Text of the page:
Remember that scene from the 1999 comedy, Office Space, wherein an incompetent office worker is incapable of explaining his purpose at the company—the one to which the classic line “What would you say . . . you do here?” is directed?
An analogous conversation with a psychiatrist might go something like this:
Interviewer: What you do as a psychiatrist is you meet with people who are having psychological difficulties.
Psychiatrist: Yes, that’s right.
Interviewer: So, you work with them to explore their issues and help them solve problems?
Psychiatrist: Well, no. I usually refer them to a psychotherapist for that.
Interviewer: Well, then, I just have to ask: Why couldn’t they just meet directly with a psychotherapist?
Psychiatrist: Well, I’ll tell you why: Because . . . psychotherapists are not good at diagnosing mental illnesses and can’t prescribe psychiatric drugs.
Interviewer: So, you actually conduct tests that objectively establish whether or not an individual has a brain illness?
Psychiatrist: Well . . . no. I have a neurologist do that—or other medical specialist.
Interviewer: So then, you must treat the people who are confirmed to have neurological diseases with the drugs you prescribe.
Psychiatrist: Well . . . no. I mean, I treat the ones that don’t have neurological diseases.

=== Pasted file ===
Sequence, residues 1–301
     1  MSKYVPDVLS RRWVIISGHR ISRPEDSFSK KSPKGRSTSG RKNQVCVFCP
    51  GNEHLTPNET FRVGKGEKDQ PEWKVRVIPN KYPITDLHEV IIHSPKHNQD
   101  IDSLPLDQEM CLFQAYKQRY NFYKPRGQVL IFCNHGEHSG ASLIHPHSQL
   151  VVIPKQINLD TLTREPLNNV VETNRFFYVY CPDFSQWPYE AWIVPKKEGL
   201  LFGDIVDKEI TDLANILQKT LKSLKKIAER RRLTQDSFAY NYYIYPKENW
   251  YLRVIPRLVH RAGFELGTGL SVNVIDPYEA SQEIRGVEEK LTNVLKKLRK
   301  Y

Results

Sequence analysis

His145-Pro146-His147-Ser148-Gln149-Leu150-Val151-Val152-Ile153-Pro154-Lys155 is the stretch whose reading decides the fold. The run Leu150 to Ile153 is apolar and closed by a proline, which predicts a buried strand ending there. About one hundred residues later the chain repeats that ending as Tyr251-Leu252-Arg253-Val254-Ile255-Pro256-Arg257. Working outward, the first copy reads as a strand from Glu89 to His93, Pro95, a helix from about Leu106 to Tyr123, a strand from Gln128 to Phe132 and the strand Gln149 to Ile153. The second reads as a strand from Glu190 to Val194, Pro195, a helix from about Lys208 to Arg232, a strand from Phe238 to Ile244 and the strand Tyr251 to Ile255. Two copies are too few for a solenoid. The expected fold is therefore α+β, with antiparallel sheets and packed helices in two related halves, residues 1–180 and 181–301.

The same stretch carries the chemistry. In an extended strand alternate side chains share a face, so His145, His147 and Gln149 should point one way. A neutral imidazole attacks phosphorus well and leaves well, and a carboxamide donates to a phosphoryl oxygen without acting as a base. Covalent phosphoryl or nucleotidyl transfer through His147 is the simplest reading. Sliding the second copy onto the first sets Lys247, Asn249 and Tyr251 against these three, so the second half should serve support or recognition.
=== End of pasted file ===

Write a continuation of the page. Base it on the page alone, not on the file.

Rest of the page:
Interviewer: What . . . what would you say . . . you do here?
Psychiatrist: Well, look, I already told you. I deal with the goddamn mental illnesses so the psychotherapists and neurologists don’t have to. I have specialised medical skills! I’m good at diagnosing and prescribing! Can’t you understand that!? What the hell is wrong with you people!?
Interviewer: . . .
Pūras’ comment about psychiatry still having an important role to play contrasts starkly with his fervent opposition towards the field’s coercive practices and zealous use of drugs. If Pūras gets his wish and psychiatrists abandon these practices, how will they be spending their time? We know that there are few psychiatrists willing to offer psychotherapy to all of their clients. Taking drugs and coercion off the table would perhaps leave them no choice but to provide therapy. In this scenario, though, it’s hard to imagine what the title “Psychiatrist” would even mean.
Psychiatrists are defined by their ability to dispense pills ostensibly designed to treat diseases of the mind. Take that away, along with their right to coerce, and what is left?
Editor’s Note: To view the complete list of footnotes, click here.
Mad in America hosts blogs by a diverse group of writers. These posts are designed to serve as a public forum for a discussion—broadly speaking—of psychiatry and its treatments. The opinions expressed are the writers’ own.